Air Temperatures – The following maximum temperatures (F) were recorded across the state of Hawaii Saturday:
82 Lihue, Kauai
87 Honolulu, Oahu
87 Kahului, Maui
87 Kailua Kona
82 Hilo, Hawaii
Air Temperatures ranged between these warmest and coolest spots near sea level – and on the highest mountain tops on Maui and the Big Island…as of 843pm Saturday evening:
Kailua Kona – 80
Hilo, Hawaii – 73
Haleakala Summit – 41 (near 10,000 feet on Maui)
Mauna Kea Summit – 30 (13,000+ feet on the Big Island)
Hawaii’s Mountains – Here’s a link to the live web cam on the summit of near 13,800 foot Mauna Kea on the Big Island of Hawaii. This web cam is available during the daylight hours here in the islands…and when there’s a big moon shining down during the night at times. Plus, during the nights you will be able to see stars, and the sunrise and sunset too… depending upon weather conditions.
Can you hear it?
Trade winds taking on a more southeasterly orientation,
and becoming lighter into early in the new week ahead…
bringing muggy and potentially hazy weather back our
way for a couple of days – then right back into a well
established trade wind pattern later Tuesday into
The trade winds will bring windward showers our way
tonight, particularly over Maui County and the Big Island…
which will be fuel for additional showers into Tuesday –
with more windward showers several times during the
upcoming work week
The following numbers represent the strongest wind gusts (mph), along with directions…as of Saturday evening:
16 Port Allen, Kauai – ENE
27 Oahu Forest NWR, Oahu – NNE
24 Molokai – NE
27 Lanai – NE
31 Kahoolawe – NE
33 Kahului, Maui – NE
28 South Point, Big Island – NE
Here are the latest 24-hour precipitation totals (inches) for each of the islands…as of Saturday evening (545pm totals):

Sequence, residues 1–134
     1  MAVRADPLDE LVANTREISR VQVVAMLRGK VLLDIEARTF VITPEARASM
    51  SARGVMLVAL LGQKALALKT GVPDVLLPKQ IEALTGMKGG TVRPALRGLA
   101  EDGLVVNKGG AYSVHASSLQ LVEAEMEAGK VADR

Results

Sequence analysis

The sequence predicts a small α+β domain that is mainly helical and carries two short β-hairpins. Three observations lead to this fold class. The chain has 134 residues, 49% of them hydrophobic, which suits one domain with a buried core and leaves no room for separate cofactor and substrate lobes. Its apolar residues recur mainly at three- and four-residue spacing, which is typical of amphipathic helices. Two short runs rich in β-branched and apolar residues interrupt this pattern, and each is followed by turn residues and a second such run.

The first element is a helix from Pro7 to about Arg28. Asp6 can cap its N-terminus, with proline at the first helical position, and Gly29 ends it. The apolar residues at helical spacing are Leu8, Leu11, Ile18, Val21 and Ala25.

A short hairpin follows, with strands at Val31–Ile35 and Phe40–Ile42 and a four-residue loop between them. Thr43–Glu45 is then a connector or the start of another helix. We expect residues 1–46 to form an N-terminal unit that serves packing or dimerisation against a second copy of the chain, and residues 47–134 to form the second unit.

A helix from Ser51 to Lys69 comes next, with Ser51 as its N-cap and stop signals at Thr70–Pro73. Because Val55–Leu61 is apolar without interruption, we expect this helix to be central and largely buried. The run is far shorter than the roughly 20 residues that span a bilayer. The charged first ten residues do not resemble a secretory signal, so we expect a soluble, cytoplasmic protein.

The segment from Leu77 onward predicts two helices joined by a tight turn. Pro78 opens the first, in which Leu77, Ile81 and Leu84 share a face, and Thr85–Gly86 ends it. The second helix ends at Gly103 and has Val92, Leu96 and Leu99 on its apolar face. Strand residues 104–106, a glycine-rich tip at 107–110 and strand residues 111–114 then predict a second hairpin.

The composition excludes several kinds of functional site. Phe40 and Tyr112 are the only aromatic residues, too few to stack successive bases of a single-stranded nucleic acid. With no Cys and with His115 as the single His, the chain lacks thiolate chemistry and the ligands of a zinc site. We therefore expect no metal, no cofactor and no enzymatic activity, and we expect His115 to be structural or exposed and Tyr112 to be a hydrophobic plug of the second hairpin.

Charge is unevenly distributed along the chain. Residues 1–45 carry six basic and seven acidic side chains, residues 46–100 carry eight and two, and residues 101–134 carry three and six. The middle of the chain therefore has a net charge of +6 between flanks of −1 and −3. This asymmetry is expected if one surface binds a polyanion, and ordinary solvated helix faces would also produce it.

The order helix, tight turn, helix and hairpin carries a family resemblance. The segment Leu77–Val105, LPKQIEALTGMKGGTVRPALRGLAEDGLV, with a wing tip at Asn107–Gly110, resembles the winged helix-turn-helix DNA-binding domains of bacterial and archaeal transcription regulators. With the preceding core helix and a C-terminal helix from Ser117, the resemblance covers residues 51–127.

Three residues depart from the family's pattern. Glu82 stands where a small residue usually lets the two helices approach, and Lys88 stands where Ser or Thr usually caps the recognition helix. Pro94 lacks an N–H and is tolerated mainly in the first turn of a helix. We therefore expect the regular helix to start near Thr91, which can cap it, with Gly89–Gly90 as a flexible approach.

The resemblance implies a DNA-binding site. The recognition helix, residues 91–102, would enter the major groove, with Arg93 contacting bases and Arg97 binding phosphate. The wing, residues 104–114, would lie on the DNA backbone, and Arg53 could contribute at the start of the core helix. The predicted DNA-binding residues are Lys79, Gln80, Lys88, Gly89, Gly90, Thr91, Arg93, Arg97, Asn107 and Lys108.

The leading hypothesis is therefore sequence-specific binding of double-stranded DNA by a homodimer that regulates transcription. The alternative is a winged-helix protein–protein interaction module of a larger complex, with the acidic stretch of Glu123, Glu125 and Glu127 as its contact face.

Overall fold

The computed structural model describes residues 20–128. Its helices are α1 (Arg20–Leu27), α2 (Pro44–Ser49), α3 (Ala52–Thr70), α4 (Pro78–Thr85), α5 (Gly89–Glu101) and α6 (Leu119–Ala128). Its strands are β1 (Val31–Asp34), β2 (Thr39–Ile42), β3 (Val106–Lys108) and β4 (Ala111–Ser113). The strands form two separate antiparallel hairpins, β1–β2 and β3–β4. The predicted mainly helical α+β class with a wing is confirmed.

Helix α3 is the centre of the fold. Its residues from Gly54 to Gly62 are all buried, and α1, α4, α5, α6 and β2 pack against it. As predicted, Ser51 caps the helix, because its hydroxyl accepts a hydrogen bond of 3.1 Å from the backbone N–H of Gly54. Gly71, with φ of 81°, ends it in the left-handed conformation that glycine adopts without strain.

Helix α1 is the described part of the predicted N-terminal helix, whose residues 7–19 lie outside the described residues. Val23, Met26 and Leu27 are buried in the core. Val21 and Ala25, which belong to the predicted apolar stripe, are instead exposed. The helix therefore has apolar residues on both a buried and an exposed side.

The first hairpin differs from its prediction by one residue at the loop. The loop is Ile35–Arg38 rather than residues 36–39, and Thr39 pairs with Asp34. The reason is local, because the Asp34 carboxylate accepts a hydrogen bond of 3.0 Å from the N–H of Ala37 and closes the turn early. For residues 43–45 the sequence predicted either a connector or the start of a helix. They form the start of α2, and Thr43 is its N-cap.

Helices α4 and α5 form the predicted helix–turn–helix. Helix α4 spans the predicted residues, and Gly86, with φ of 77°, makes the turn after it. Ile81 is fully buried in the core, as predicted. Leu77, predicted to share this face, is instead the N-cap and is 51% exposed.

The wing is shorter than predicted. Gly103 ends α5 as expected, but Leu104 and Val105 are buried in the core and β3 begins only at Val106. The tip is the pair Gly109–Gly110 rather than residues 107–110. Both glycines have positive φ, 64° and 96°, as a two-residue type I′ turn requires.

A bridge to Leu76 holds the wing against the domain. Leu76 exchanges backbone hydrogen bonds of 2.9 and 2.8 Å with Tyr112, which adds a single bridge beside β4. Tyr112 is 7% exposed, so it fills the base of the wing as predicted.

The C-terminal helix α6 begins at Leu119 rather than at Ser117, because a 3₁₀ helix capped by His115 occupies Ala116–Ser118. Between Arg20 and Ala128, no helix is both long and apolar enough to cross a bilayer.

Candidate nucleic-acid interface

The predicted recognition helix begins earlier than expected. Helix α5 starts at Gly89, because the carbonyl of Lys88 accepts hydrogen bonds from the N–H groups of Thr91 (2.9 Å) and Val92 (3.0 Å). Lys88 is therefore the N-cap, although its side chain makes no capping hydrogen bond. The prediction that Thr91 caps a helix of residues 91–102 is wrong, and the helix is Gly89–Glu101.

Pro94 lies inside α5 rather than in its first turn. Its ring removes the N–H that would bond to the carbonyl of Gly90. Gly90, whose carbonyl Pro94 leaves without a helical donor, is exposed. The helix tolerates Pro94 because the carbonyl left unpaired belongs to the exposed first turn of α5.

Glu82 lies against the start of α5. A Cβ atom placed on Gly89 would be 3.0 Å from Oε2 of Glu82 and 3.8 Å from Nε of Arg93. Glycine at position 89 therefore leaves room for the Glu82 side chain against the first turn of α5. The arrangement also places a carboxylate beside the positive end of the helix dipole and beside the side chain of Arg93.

0.40 Mount Waialeale, Kauai
0.21 Poamoho RG 1, Oahu
1.02 Puu Kukui, Maui
1.04 Kiholo RG, Big Island
We can use the following links to see what’s going on in our area of the north central Pacific Ocean. Here’s the latest NOAA satellite picture – the latest looping satellite image… and finally the latest looping radar image for the Hawaiian Islands.
~~~ Hawaii Weather Narrative ~~~
Our trade winds will continue in the moderately strong category today…and then weaken into the first day or two of the new week. Here’s the latest weather map, showing the Hawaiian Islands, and the rest of the North Pacific Ocean, along with a real-time wind profile of the central Pacific…focused on the Hawaiian Islands. We have moderately strong high pressure systems to our northwest and northeast. At the same time, we have a low pressure system, with its associated cold front and trough to the north and northwest of Kauai. This trade wind episode will continue today, although as we move into the later part of this weekend, our trade winds will ease up some…for a couple of days. This very late season cold front/trough won’t make it all the way down into the state, although will be part of the reason that our trade winds take a hit in strength soon. The models suggest that they will increase again next Tuesday or Wednesday onwards.
Satellite imagery shows patchy lower level clouds, mostly over the ocean offshore of the islands…with the Big Island the biggest exception. Looking at this larger satellite image, we see areas of high clouds being moved along on the upper level winds to our north, south and southwest for the most part…although with other streaks around in places too. We can also see this cold front and trough located to the northwest, but it’s more than likely too late in the spring season for these surface low pressure features to reach us. Here’s a looping radar image, showing mostly light showers being carried along in our trade wind flow, impacting the islands locally. As the winds take on a more southeasterly direction, the winds will bring a few showers to our southeasterly coasts and slopes.